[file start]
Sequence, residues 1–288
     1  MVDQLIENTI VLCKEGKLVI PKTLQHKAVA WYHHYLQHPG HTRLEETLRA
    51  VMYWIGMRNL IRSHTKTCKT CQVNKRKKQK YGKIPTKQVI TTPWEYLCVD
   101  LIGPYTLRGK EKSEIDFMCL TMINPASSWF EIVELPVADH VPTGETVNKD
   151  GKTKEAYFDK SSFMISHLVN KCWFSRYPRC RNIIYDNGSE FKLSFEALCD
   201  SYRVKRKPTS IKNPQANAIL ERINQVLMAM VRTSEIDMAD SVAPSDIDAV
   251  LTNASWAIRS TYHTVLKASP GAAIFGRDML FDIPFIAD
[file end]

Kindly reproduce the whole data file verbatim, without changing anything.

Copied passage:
Sequence, residues 1–288
     1  MVDQLIENTI VLCKEGKLVI PKTLQHKAVA WYHHYLQHPG HTRLEETLRA
    51  VMYWIGMRNL IRSHTKTCKT CQVNKRKKQK YGKIPTKQVI TTPWEYLCVD
   101  LIGPYTLRGK EKSEIDFMCL TMINPASSWF EIVELPVADH VPTGETVNKD
   151  GKTKEAYFDK SSFMISHLVN KCWFSRYPRC RNIIYDNGSE FKLSFEALCD
   201  SYRVKRKPTS IKNPQANAIL ERINQVLMAM VRTSEIDMAD SVAPSDIDAV
   251  LTNASWAIRS TYHTVLKASP GAAIFGRDML FDIPFIAD